The new board began with a core group of agency board members who had been active in fund-raising (primarily the old development committee's membership). This group recruited new foundation board members who were, or could become, major donors, as well as individuals with connections in the community to major donors. The foundation's membership committee developed profiles of individuals who met specific needs, such as attorneys and accountants involved in planned giving, people with experience in planning and executing special events, and people with strong media connections.
The foundation board was designed to ensure communication between the two boards; 25% of the foundation board's trustees also serve as agency board members. The membership committees of both organizations were combined to select new recruits who were most appropriate for each organization. We also hold an annual board social at which members from both boards and our volunteer auxiliary board socialize and discuss their roles.
I serve as president and CEO of both organizations, and the foundation's executive director (the former development officer position) reports to me. The foundation is segmented into four functional areas:
* Grants research and preparation
* Annual giving and volunteer recognition
* Major gifts and planned giving
* Administration, which is responsible for maintaining the donor database
Board responsibilities and individual expectations
The foundation board's key responsibilities are:
* Participating in developing the annual plan for coordinating all fund-raising and solicitation activities
* Overseeing and coordinating grant proposals
* Overseeing gift/contribution receipt and acknowledgment
* Ensuring restricted contributions are disbursed in accordance with the donor's wishes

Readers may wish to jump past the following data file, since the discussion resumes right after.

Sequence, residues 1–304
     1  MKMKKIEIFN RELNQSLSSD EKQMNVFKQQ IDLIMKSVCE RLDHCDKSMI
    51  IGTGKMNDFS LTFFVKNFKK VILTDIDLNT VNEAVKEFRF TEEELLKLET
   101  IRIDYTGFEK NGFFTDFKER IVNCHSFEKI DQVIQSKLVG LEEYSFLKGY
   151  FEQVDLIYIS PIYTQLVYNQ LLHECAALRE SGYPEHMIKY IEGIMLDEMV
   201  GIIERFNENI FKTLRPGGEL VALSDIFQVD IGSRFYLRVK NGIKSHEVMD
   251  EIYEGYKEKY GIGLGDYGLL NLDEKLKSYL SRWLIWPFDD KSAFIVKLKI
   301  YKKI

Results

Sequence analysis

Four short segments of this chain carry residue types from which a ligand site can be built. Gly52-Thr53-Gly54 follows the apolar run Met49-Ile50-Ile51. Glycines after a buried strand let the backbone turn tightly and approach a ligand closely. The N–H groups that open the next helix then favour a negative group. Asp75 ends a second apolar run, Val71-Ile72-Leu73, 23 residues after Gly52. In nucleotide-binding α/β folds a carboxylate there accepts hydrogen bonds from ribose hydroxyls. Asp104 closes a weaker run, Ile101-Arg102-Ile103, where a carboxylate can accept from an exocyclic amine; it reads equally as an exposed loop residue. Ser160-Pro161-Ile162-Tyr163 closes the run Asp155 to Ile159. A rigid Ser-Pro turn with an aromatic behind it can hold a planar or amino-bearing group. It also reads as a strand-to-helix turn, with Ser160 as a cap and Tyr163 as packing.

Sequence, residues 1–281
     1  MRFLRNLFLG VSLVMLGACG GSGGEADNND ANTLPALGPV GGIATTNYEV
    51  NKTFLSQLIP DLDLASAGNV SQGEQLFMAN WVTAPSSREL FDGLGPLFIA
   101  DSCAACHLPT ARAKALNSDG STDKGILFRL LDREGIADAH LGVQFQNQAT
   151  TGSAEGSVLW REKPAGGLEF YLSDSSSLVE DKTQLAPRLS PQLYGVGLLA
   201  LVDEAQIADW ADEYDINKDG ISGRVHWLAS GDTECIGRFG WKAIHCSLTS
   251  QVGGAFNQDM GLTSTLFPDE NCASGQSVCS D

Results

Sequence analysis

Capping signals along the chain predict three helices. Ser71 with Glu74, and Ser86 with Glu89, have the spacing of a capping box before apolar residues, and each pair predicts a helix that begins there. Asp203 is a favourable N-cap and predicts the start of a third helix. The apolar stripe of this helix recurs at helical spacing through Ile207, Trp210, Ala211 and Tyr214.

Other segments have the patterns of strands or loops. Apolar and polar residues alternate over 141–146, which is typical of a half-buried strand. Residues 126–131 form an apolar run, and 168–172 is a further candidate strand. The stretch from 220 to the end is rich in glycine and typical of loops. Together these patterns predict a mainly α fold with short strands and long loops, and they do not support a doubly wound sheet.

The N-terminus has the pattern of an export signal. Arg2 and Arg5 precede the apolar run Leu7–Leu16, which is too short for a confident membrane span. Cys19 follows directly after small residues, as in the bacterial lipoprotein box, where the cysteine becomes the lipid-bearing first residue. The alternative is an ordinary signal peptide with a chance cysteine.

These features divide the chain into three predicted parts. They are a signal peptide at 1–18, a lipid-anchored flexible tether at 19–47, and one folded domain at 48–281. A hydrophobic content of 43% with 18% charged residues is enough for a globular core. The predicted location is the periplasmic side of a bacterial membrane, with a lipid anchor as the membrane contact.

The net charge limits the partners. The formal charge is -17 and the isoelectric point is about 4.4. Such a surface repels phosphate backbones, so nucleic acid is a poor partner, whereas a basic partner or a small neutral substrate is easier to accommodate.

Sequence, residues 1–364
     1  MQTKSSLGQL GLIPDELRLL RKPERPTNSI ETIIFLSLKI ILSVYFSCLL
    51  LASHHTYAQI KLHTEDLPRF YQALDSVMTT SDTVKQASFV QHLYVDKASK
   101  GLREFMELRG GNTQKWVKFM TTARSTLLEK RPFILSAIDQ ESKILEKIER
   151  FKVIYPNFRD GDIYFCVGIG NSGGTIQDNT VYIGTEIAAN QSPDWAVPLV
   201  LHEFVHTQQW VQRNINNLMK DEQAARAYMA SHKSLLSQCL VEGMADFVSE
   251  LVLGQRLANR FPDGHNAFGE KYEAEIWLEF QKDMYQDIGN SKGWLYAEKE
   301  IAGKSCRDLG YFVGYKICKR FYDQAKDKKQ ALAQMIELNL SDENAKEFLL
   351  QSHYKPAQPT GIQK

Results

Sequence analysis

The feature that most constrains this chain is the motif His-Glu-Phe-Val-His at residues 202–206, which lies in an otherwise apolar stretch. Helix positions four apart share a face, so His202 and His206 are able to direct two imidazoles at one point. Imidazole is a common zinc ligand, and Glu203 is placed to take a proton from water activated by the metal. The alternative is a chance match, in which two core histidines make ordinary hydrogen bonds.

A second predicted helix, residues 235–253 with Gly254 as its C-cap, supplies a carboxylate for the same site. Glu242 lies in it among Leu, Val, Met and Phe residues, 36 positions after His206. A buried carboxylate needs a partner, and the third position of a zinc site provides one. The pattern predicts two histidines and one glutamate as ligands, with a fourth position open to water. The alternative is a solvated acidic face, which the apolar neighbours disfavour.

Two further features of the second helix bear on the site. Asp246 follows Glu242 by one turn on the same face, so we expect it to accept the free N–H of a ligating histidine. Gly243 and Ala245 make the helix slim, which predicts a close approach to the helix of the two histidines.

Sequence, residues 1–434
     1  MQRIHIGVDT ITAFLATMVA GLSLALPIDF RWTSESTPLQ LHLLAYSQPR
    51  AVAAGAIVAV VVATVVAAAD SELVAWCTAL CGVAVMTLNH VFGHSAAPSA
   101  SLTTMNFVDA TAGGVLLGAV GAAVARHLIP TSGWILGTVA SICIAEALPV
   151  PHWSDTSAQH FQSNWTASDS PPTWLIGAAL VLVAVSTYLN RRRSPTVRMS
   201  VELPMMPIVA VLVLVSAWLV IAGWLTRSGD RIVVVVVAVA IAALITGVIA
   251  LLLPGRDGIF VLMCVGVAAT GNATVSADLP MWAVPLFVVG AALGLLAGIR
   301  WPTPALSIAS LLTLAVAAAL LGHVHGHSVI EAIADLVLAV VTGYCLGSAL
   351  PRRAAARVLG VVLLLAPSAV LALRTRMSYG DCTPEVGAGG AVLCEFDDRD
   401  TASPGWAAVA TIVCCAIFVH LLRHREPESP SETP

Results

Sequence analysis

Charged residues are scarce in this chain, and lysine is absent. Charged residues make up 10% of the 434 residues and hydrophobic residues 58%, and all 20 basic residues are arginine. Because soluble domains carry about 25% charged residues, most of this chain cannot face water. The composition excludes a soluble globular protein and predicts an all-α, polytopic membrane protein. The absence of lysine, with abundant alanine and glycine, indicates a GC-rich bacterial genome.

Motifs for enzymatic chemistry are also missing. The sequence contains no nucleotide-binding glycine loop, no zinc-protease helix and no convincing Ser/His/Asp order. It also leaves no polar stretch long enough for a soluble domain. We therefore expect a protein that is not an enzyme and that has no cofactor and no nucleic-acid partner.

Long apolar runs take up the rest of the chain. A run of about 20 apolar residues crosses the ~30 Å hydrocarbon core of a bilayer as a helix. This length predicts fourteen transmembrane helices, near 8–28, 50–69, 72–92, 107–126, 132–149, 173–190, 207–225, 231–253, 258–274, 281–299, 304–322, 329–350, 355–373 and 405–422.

* Managing disbursement of undesignated funds in accordance with the direction of the agency's board of directors as demonstrated through our annual budgeting process based on programs' needs
Individual foundation board members are expected to:
* Be knowledgeable of the agency and its programs (We offer monthly updates on our services and ongoing, scheduled tours of all programs)
* Serve on at least one committee (Members are selected for the board for their expertise, which is best put to use in the details of committee work)
* Attend quarterly board meetings
* Serve as the agency's and foundation's ambassador to assist them in connecting with community resources
* Give an annual contribution commensurate with financial ability (It is critical to have 100% participation from the board, as this is a powerful message to potential donors)
* Avoid conflicts of interest with their occupation and other community agency support
* Accompany foundation and agency staff on solicitation calls, when requested
Even with the foundation in place, the agency board still has a key role in fund-raising, which includes supporting the foundation's needs to fulfill its mission. Agency board members also are expected to give an annual contribution. In addition, the agency board works through the joint membership committee to recruit new members for the foundation and to notify the foundation of any donor prospects.
Start with projects that build confidence. Be certain that your fund-raising strategies match your staff's time and skills. If your agency is relatively new at fund-raising, start with projects that will build confidence throughout the organization. Both staff and board members need to feel comfortable with this new challenge.
Hire the best people you can possibly afford. This is one area where it doesn't pay to be stingy (although my staff would say I am still too stingy!). This strategy will pay off in the long run. Don't be afraid to steal experienced staff from other local agencies. That's just a part of the development food chain.